I made chili Sunday night in this pot, I blamed the tears I shed on the onions I chopped. It’s the first time I’ve made anything in this pot, although this pot has seen it’s share of meals.
My mother-in-law passed away recently; the family home was sold and it’s contents dispersed, and this pot has come to rest on my stove. A Dutch oven, really, with a heavy thick bottom, a tight fitting roomy lid, and the strength and heft of something made right. No celebrity chef stamp of approval on this one, no fancy metal alloy that makes promises of turning even the everyday user into a gourmet. This Dutch oven belongs to a set whose provenance is unsure, perhaps my father-in-law had purchased it while traveling from Newfoundland to Canada (pre Confederation); a traveling outport salesman may have brought it through one of the tiny communities where he taught. (Not all of the pots hold the same feeling as this, which I think of as the eldest because it’s the biggest. A younger sibling was used to commit horrible atrocities on local fish, as a lovely salmon steak would be plunged into a pot of cold water, lid jammed on, and boiled til it turned white and fell off the bones)
I chopped the onions, and cried thinking about not ever being back in my mother-in-law’s kitchen, that small kitchen in the house where they finally settled to start a family. The first time I stood in that kitchen, I felt embraced by love just as palpable as if someone had put their arms around me. The smells of bread baking, of Christmas roast beef, of turkey and ham, cabbage rolls and pies and tarts and all manner of squares–it was a feast for the olfactory senses. Dicing celery, I laughed remembering my father in law asking why “it only takes Elizabeth an hour to make soup but it takes us all day, Sue?” as he teased his wife.
Next to the little kitchen was the dining room; one end of a long open living area, really. And around that table an incredible number of family feasts were served. I saw in awe my first Christmas there, as three generations of Felthams swarmed from kitchen to living room to dining table, swirling around in an eddy of laughter, and talking, and multiple conversations all taking place at such decibels I couldn’t figure out how anyone could hear anything. And finally, like a game of musical chairs but for the fact that everyone had a seat, we swirled around the table and found a perch from which to eat.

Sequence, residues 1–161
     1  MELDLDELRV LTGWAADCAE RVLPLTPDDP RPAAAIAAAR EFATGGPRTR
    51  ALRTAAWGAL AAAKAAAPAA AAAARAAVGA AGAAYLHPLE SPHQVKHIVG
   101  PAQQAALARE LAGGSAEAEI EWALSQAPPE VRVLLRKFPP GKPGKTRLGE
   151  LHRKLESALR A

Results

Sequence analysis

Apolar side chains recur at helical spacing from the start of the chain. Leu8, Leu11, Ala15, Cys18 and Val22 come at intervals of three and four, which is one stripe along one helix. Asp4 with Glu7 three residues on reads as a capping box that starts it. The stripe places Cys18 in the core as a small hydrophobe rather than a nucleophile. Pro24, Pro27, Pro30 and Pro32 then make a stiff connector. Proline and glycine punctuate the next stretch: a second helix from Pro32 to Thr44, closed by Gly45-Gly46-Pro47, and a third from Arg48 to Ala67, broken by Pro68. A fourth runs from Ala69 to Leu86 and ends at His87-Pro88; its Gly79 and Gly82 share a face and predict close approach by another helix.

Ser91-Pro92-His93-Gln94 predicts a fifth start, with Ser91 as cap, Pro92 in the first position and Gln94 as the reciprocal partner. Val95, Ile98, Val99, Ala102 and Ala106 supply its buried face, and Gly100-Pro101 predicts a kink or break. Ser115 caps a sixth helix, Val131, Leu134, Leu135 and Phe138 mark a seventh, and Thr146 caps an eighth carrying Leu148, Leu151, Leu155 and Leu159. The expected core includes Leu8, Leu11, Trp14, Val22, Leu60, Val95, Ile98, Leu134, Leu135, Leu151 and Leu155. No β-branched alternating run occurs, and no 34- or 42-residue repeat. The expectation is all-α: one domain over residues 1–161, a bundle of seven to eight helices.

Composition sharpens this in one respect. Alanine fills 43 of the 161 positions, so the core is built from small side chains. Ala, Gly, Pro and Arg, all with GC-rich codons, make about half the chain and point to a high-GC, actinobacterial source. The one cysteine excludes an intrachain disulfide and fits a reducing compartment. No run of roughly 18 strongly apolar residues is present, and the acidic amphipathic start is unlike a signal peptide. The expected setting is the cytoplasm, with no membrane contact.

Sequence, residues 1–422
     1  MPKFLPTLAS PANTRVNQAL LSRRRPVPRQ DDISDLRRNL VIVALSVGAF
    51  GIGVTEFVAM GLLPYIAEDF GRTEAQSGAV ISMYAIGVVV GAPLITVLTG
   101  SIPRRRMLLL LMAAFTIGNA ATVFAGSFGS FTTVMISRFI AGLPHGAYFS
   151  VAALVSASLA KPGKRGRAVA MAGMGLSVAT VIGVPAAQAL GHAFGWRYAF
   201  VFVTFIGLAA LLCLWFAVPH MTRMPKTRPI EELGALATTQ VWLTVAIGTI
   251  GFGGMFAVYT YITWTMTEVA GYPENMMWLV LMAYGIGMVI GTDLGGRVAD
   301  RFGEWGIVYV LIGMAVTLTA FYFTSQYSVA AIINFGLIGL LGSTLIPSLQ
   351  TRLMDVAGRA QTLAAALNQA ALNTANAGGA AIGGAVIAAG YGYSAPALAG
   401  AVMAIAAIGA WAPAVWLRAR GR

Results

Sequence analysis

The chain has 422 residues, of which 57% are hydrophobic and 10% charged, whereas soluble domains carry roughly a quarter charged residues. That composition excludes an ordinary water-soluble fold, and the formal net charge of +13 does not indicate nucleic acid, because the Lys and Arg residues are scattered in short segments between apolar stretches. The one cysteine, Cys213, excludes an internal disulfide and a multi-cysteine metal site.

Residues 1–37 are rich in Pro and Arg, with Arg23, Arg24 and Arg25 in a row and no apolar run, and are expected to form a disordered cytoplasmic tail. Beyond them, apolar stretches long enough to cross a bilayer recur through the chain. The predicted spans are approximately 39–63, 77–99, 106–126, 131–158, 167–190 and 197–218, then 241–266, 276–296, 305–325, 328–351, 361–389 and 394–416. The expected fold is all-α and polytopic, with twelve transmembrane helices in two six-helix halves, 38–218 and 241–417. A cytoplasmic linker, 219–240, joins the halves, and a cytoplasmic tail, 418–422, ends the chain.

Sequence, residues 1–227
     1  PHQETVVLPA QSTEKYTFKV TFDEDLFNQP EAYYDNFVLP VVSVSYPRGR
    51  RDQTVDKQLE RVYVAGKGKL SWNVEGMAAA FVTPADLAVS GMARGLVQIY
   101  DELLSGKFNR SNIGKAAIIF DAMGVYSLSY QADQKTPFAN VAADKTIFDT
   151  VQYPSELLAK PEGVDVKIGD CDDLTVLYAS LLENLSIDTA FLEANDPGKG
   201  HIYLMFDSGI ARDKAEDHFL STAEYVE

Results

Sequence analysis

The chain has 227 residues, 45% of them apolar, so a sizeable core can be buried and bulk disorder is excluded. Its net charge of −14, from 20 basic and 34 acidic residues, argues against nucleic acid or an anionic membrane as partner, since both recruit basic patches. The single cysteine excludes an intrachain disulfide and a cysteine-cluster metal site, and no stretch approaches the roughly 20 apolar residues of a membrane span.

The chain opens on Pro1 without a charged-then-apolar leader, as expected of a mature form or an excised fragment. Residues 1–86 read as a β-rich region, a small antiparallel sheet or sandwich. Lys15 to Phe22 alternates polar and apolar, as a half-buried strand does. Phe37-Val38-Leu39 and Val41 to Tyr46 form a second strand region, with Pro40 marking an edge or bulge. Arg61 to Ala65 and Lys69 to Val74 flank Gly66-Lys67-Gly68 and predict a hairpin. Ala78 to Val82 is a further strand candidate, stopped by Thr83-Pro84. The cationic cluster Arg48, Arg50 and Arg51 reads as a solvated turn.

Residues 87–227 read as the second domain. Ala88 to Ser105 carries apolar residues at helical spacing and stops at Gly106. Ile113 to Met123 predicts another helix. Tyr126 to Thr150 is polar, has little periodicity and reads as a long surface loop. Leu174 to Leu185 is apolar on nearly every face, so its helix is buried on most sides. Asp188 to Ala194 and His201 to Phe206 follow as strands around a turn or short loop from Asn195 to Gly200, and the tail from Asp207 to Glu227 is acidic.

Ever after, when I went home for a visit I made my way into the kitchen as quickly as I could to stand for a quiet minute, absorbing the love and history and feeling myself soothed and lulled into a wonderful feeling of security as the smells and the memories washed over me. And now every time I look at this pot, I’ll be reminded of that feeling and the unconditional love that my mother in law bestowed on us all.
We were told that the new owner of the house claimed that she bought it because she could feel the love. I hope she can. I hope the new homeowners fill the kitchen with as much love and laughter as it has always known.
The Family is the Country of the heart
(Giuseppe Mazzini, The Duties of Man)